hull was only 35 mm thick, and was reinforced with three layers
of 6-mm (one-quarter inch) rods.   Four layers of mesh were used on
each side of the rods.  The hull weighed five percent less than a
comparable wooden hull, and the price (at that time) was 40 percent
less.  The Irene proved to be a seaworthy vessel, with very
little maintenance, and survived two serious accidents that required
only simple repairs.
By the early 1960s, ferrocement had gained wider acceptance as a
construction material, especially in boat building.   After 1970,
production slowed because of the rising costs of materials and,
especially, labor.  Ferrocement construction, however, continues
to offer unlimited possibilities for uses both on water and land
in places where labor costs are low.
Ferrocement is a form of RCC made from mortar and layers of thinly
spaced steel rods or wires.  Layers behave together as a composite,
in which the concrete absorbs most of the compression and
the steel reinforcing absorbs the tensile and shear stresses (see
Figure 1 and Table 1).  Mortar is the term applied to the mixture

ufc1x3.gif (486x486)

of cement, sand, and water before it solidifies into concrete.
The main steps in ferrocement construction are assembly of forms
(if used), assembly of reinforcing materials, application of
mortar, curing, and finishing and painting.
A. 5/8-inch (15-mm) slab.  Two layers of 4.5-mm to 5-mm mild steel
rods are spaced at 75-mm intervals horizontally and vertically.
Two layers of 19 gage, 11-mm opening, square mesh on each side.
Total weight, about 44 kg/[m.sup.2] (9 pounds/square foot), of which 18%
is steel.
B. 5/8-inch slab.  Four layers of expanded metal, 9-mm opening;
one layer of gage 22, 12-mm opening, chicken wire on each side.
Total weight, about 44 kg/[m.sup.2], of which 20% is steel.
C. 1-inch (25-mm) slab.  Two layers of 6-mm (1/4-inch) mild steel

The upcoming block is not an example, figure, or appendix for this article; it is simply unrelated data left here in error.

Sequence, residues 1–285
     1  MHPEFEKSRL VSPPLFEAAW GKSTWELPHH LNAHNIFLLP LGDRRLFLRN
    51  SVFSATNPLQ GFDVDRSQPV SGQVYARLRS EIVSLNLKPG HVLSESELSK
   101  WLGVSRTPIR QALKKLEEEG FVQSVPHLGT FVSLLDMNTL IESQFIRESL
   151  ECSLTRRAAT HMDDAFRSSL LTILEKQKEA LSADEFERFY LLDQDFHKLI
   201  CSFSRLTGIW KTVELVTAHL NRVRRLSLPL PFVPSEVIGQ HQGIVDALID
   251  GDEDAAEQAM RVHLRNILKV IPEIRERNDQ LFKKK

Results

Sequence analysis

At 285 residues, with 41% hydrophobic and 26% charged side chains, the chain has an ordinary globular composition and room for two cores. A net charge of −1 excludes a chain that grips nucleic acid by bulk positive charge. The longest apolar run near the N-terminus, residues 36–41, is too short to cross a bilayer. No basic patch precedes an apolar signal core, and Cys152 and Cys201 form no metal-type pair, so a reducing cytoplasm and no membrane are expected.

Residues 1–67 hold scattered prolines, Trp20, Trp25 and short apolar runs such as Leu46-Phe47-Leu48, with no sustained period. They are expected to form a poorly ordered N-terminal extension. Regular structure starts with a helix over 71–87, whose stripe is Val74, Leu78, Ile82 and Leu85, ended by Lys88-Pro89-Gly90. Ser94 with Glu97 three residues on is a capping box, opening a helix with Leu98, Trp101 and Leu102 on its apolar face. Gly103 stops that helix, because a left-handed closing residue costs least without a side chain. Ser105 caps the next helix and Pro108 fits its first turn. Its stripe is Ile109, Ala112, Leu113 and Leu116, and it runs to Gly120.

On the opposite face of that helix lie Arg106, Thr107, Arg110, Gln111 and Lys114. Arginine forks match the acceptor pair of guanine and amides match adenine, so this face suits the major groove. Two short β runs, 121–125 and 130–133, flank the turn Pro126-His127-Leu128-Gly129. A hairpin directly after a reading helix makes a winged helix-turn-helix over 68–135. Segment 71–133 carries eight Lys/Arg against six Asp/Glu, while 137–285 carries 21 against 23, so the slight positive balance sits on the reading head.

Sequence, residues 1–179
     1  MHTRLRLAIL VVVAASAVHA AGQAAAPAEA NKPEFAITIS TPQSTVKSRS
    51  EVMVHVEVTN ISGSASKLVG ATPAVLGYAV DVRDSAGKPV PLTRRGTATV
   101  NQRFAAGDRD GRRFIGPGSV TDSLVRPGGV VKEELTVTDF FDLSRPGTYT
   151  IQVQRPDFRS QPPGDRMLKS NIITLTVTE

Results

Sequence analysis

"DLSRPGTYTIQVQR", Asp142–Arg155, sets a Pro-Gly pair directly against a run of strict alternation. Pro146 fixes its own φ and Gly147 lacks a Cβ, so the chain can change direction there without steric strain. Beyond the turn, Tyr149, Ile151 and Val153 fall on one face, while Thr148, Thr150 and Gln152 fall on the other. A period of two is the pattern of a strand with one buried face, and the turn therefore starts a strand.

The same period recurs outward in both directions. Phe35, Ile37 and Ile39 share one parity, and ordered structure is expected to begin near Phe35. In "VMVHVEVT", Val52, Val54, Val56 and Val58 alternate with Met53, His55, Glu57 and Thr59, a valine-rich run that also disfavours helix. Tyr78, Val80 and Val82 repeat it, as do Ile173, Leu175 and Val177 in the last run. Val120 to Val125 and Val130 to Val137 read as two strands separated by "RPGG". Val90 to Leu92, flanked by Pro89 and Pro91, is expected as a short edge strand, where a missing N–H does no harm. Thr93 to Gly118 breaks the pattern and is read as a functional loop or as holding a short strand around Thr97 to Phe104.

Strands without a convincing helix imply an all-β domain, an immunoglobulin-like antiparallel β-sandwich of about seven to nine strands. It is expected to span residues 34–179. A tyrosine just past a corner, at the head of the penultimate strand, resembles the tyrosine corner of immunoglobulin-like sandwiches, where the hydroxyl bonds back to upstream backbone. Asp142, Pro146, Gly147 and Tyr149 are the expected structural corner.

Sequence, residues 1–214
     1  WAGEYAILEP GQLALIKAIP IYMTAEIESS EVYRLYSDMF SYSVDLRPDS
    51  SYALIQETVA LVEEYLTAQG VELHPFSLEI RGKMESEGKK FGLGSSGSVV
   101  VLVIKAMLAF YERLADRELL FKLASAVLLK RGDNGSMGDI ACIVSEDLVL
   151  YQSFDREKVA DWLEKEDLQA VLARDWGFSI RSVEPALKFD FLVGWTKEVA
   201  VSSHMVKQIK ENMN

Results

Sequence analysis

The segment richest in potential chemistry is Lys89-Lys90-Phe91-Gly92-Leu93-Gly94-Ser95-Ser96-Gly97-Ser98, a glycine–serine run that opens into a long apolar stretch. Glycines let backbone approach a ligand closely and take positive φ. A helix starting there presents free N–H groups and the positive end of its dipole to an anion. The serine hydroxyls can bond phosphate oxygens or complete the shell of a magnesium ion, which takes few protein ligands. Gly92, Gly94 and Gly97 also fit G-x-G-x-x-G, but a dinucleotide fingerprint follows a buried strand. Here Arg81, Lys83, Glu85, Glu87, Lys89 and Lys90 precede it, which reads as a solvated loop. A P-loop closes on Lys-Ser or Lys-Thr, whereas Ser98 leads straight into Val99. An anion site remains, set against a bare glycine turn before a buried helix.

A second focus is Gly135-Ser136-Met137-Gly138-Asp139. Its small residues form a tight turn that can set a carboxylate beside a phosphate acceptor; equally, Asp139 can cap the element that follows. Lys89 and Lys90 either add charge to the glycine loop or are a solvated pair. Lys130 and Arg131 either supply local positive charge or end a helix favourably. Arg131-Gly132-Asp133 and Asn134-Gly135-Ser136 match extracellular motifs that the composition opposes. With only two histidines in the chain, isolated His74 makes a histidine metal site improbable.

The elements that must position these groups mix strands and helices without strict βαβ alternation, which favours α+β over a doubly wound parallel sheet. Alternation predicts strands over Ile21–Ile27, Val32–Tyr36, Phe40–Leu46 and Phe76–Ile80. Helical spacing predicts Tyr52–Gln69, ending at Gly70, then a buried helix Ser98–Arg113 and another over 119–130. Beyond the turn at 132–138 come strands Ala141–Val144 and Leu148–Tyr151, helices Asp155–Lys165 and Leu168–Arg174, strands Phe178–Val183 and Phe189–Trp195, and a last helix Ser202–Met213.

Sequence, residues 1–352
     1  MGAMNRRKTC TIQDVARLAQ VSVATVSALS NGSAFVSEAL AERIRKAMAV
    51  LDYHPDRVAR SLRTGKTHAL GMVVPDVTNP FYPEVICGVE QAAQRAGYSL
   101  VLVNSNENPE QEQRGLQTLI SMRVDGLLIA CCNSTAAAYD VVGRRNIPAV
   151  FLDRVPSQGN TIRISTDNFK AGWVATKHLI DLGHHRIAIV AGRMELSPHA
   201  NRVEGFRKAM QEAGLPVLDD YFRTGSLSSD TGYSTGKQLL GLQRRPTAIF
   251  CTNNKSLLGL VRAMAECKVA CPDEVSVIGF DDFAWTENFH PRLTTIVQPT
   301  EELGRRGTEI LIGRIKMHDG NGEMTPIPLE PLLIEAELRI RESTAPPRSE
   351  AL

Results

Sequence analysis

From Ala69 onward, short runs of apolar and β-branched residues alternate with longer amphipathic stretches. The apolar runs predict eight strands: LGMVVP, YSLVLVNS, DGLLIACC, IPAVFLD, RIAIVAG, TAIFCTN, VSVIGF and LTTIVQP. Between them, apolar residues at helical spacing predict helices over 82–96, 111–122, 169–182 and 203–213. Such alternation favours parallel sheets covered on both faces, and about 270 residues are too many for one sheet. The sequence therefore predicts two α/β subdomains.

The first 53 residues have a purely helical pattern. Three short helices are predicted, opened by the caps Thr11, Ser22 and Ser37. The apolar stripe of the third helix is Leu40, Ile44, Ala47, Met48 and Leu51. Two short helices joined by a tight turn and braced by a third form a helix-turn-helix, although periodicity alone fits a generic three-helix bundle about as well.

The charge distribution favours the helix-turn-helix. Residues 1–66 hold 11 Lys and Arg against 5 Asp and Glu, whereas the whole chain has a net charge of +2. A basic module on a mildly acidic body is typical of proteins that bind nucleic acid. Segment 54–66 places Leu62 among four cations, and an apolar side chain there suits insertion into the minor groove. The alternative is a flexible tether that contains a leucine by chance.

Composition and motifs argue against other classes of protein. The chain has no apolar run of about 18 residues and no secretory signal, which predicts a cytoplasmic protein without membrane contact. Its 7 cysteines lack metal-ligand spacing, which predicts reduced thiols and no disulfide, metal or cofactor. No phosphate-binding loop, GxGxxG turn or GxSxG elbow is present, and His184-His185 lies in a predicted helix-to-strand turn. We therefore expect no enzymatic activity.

rods spaced at 75-mm intervals horizontally and vertically.  Each
side covered with one layer of 19 gage, 11-mm opening, welded
mesh.  Then each side covered with two layers of 18 gage, 25-mm
opening, chicken wire.  Total weight, about 70 kg/[m.sup.2], (14.3
pounds/square foot) of which 18% is steel.
                         Table 1
Compression    Tends to press together or make more compact.
Crushing       Presses between two opposing forces so as to
               break, squeeze together, or put out of shape.
Flexing        Bends or curves without breaking; perhaps under
               its own weight.
Impact         Hits with force, collision, or violent contact.
Shear          Forces two contacting layers to slide upon each
               other in opposite directions parallel to the plane
               of their contact.
Tension        Tends to cause extension or increase in length.
Forms can either be removable or can be incorporated into the
finished product.  They should be strong enough to support themselves
and the weight of the steel and concrete structure before
the mortar has set.  Wooden frames are removable; if the work is
done with care, they can be collapsed for reuse if more than one
structure of a kind is to be made.
Wooden-Frame Method
Spaced, thin, narrow boards (battens) are nailed over fairly
widely-spaced wooden transverse forms or frames.   The first inside
layers of mesh are positioned over the battens and tied or stapled
to them.  The other layers of mesh and rods are then solidly
tied to the inside layers and to each other, and the entire form
is checked for smoothness before applying mortar.   After the
structure has cured, it can be lifted off the form, which may be
used again.
The advantage of the open wooden-frame method is that small
structures can be built with simple woodworking hand tools.  Disadvantages
are that it requires a large quantity of wood, that it
must be done carefully in order to get a good finish on the interior,
and that the wood is some times difficult to remove and may
not be reusable.  This method is in common use for making small
Pipe-Frame Method
Steel water pipe (schedule 40ST material, about 27 mm outside
diameter, 21 mm inside diameter; nominal 3/4-inch diameter) takes